Ocean Iron Fertilization

Ocean Iron Fertilization

Exploring Ocean Iron Fertilization: the scientific, economic, legal and political basis

Could dumping iron in the ocean help to mitigate increasing atmospheric CO2?
Scientists began to study that question in earnest after John Martin’s
famous quote “Give me half a ship load of iron…I could give you an
ice age”. Martin’s comment, made more or less facetiously at a July
1988 WHOI Journal Club lecture, was based upon the fact that ocean
phytoplankton take up carbon dioxide to grow, and that this growth can
be stimulated in certain ocean basins by the addition of iron, a
necessary micronutrient that is common on land, but often rare in the
ocean. This knowledge has led to the suggestion that we could
intentionally change atmospheric CO2 concentrations, and
climate, by adding iron to the ocean, and there are now plans underway
to do this on a large-scale, commercial basis. However, there is
considerable uncertainty and disagreement as to whether we should move
ahead with ocean iron fertilization on large scales, whether this would
do more harm than good, and the legal and political framework under
which this might take place.

We had a Symposium on September 26-27, 2007 on the topic of ocean iron fertilization.
We felt that the time was right to bring together natural and social
scientists, policy makers, and commercial interests to inform each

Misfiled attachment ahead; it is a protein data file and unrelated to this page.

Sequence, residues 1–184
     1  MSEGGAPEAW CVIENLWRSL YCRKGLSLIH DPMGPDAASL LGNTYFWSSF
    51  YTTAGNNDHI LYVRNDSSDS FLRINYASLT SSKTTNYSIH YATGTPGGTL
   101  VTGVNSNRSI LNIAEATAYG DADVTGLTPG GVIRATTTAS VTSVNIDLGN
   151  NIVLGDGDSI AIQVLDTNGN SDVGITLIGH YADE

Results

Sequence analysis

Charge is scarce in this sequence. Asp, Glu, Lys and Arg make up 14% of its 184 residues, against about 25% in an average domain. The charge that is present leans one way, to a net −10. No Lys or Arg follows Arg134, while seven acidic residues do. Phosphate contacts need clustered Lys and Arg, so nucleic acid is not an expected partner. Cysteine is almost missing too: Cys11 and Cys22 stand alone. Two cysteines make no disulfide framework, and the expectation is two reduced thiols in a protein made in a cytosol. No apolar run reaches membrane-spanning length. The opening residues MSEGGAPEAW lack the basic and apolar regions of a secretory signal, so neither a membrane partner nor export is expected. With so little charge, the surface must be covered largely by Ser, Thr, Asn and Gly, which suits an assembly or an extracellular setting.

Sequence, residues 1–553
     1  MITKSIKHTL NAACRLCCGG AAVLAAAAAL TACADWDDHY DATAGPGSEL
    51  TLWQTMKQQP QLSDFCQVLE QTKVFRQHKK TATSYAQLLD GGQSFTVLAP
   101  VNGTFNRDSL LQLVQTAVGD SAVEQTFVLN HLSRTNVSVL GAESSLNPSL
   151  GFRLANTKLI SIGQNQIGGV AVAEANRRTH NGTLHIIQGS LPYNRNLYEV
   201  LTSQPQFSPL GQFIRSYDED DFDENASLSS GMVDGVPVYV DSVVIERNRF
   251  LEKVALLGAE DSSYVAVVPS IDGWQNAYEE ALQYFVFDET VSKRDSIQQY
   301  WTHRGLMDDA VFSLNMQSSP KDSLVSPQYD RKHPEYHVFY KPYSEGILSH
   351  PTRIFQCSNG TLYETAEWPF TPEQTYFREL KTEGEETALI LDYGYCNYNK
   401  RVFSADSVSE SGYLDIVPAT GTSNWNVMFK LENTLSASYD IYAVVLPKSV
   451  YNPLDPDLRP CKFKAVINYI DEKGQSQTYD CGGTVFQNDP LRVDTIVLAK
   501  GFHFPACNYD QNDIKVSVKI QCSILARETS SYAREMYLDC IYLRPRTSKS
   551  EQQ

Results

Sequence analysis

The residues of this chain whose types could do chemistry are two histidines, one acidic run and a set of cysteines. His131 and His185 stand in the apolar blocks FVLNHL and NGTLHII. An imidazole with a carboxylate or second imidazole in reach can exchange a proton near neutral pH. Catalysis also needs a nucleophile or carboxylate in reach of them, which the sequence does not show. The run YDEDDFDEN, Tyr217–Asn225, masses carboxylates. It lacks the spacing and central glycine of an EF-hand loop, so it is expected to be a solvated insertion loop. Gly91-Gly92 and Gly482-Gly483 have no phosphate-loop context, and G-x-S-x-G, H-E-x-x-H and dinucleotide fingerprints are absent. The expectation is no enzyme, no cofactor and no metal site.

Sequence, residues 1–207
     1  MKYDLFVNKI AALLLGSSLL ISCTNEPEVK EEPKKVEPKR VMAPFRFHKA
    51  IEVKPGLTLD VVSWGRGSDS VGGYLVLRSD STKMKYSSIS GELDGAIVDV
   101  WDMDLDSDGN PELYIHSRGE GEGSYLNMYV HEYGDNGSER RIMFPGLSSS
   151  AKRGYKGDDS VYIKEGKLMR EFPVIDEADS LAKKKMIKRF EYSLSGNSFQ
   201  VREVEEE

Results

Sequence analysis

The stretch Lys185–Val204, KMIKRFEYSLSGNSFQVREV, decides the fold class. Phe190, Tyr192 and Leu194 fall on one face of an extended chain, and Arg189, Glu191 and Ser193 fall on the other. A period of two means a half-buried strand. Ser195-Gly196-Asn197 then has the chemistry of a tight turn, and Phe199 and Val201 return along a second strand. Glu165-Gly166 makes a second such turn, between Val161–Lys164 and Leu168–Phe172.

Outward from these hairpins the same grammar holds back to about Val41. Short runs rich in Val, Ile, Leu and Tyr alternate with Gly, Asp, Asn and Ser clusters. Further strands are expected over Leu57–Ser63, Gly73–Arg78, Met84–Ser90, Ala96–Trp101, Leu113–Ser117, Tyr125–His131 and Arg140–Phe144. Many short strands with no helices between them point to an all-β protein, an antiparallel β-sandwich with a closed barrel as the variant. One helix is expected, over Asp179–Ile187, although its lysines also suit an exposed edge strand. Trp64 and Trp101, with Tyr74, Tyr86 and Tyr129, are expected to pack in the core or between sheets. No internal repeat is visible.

other, and the public, about this important topic. Our goal was to
present the state of the science and discuss remaining uncertainties
regarding the impacts and efficacy of ocean iron fertilization and
issues that arise with the commercialization of this process. The
format included a select set of invited speakers and panel discussions
over the course of two full days at the Woods Hole Oceanographic
Institution. Participation was limited to a small number of invited
guests, so we could maximize the chances for interaction among the

Ocean Iron Fertilization Symposium Committee

Dr. Ken Buesseler (Marine Chemistry and Geochemistry Department)
Dr. Scott Doney (Marine Chemistry and Geochemistry Department
Dr. Hauke Kite-Powell (Marine Policy Center)

Conference sponsors at Woods Hole Oceanographic Institution included:
Cooperative Institute for Climate Research (CICOR
Marine Policy Center
Morss Colloquia
Ocean and Climate Change Institute
Ocean Life Institute
Sea Grant